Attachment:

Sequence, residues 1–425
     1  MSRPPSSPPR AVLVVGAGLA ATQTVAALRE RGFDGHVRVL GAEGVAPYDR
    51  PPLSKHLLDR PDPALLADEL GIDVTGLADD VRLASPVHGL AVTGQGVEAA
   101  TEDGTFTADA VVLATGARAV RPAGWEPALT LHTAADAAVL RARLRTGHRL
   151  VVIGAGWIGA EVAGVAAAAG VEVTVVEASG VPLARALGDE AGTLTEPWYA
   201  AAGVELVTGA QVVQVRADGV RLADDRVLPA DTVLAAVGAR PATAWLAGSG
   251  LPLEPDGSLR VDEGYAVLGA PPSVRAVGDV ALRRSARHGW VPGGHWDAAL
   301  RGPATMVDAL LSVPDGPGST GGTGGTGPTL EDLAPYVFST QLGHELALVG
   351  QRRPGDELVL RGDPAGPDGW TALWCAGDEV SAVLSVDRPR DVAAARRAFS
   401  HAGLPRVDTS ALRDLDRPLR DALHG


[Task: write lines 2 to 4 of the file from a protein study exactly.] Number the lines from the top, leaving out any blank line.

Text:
     1  MSRPPSSPPR AVLVVGAGLA ATQTVAALRE RGFDGHVRVL GAEGVAPYDR
    51  PPLSKHLLDR PDPALLADEL GIDVTGLADD VRLASPVHGL AVTGQGVEAA
   101  TEDGTFTADA VVLATGARAV RPAGWEPALT LHTAADAAVL RARLRTGHRL